Last (I hope) Winter Blast

So I’ve sown leeks, eggplants, and peppers inside. I’ve pruned the fruit trees and raspberry canes. I’ve got a planting plan and I’m not afraid to use it. I am ready for spring.

Then this happened.

The Fraudulent Farmstead on March 6, 2013. Note the recently pruned dwarf apple trees in front.
The Fraudulent Farmstead on March 6, 2013. Note the recently pruned dwarf apple trees in front.

A thick, fluffy, wet layer of snow, with a soupçon of ice underneath. Fortunately, I was able to shovel the walk pretty quickly and then take my trusty phone out for a few snaps.

Pa Ingalls taught me that a late snow is poor man’s fertilizer. It brings nitrogen down from the atmosphere to the ground, and nitrogen is the element that has the most impact on vegetative growth.

Of course, Pa plowed that snow into his fields. I am without a plow and team of oxen. So I’m just going to hope that the snow does my plants some good.

A late snow also makes the sugar sap run longer, which would be awesome if I had sugar maple trees. And a giant cauldron to sugar off the sap. And a huge amount of time. I learned that from Pa Ingalls too.

Pa Ingalls taught me a lot. I’m just grateful I didn’t have to follow him all over hell’s half-acre in a wagon to learn it.

Anyway, the late snow inspired me to start chronicling the seasons here at the Fraudulent Farmstead. To wit:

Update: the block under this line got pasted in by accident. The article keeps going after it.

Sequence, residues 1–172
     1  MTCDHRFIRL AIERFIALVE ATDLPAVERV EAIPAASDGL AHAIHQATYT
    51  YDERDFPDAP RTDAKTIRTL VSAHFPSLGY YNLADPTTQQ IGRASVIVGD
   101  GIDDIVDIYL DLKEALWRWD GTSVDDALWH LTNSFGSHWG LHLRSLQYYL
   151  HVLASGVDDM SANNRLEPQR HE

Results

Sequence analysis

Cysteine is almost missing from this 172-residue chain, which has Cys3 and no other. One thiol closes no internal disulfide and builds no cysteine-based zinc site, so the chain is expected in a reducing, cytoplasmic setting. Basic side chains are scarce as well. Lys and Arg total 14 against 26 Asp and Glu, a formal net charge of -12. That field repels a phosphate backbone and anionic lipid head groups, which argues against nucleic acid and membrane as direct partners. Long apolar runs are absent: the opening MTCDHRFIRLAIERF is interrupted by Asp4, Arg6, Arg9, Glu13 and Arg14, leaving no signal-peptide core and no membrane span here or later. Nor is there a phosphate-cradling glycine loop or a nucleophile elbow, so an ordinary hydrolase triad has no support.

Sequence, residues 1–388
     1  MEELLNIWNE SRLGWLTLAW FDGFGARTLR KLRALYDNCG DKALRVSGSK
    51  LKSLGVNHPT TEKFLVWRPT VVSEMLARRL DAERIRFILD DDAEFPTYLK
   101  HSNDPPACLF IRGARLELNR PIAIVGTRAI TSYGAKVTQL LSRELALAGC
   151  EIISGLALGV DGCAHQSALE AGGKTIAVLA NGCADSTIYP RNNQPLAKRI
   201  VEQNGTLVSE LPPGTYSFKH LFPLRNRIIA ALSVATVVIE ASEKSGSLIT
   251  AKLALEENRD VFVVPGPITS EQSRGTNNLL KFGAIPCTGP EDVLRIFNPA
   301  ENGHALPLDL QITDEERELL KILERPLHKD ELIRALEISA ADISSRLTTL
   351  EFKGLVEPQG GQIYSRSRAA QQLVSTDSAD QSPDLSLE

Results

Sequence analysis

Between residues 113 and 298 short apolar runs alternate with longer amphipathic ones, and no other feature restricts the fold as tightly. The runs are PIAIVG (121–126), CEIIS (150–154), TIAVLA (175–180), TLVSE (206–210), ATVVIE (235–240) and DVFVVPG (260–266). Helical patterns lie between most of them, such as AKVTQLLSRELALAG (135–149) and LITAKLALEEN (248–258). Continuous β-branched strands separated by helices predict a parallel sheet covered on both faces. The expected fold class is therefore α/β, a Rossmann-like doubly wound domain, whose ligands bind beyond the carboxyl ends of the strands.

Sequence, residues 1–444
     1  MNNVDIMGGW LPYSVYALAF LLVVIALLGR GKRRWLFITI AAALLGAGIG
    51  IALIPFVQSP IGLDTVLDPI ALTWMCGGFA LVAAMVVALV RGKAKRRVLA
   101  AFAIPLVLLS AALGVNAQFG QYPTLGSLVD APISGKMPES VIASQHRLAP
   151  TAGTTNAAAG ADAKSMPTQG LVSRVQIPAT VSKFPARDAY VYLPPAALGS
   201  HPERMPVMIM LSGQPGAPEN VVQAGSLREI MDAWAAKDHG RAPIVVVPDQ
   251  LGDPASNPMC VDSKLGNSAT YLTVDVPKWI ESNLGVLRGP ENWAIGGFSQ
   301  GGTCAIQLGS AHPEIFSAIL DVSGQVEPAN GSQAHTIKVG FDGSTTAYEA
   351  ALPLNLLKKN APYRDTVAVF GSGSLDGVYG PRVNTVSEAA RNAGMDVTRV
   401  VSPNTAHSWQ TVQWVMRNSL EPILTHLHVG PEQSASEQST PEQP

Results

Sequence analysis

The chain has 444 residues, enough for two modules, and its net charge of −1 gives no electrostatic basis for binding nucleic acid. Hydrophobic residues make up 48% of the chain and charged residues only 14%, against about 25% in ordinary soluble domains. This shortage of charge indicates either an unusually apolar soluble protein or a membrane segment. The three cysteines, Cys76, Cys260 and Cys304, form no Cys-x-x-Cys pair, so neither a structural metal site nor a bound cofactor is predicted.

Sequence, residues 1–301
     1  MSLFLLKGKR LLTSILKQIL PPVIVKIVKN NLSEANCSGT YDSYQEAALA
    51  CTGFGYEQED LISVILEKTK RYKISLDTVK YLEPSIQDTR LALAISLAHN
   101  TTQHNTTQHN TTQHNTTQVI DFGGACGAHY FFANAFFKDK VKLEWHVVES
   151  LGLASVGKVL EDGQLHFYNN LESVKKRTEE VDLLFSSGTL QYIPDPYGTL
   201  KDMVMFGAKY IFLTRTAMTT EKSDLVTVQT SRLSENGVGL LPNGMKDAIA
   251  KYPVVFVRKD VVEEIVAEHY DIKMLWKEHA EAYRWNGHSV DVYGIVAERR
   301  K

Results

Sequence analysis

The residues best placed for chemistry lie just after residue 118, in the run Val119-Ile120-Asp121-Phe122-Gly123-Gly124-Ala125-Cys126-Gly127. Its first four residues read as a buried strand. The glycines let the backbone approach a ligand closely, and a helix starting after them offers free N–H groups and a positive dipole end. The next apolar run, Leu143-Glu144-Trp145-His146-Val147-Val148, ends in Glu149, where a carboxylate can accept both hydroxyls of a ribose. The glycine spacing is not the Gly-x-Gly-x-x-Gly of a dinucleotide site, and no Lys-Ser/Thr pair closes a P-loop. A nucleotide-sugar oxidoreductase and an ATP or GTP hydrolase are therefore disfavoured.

My dwarf cherry tree in front of the Farmstead, taken May 4, 2012
My dwarf cherry tree in front of the Farmstead, taken May 4, 2012
Same tree, taken March 6, 2013. On the upside, you can see the germander I planted to edge the vegetable bed.
Same tree, taken March 6, 2013. On the upside, you can see the germander I planted to edge the vegetable bed.
Fraudulent Farmgirl
I teach garden and homesteading skills—the stuff your great-grandmother knew how to do. But if there's a faster, cheaper, or easier way to do it, I'll find it!By day, I design earth-friendly gardens for Spotts Garden Service. By night, I don my Wellies to become the Fraudulent Farmgirl. On my small urban homestead, I've ripped out the front lawn to plant vegetables and fruit trees, turned the garage into a chicken coop and grown enough strawberries to feed half the neighborhood.

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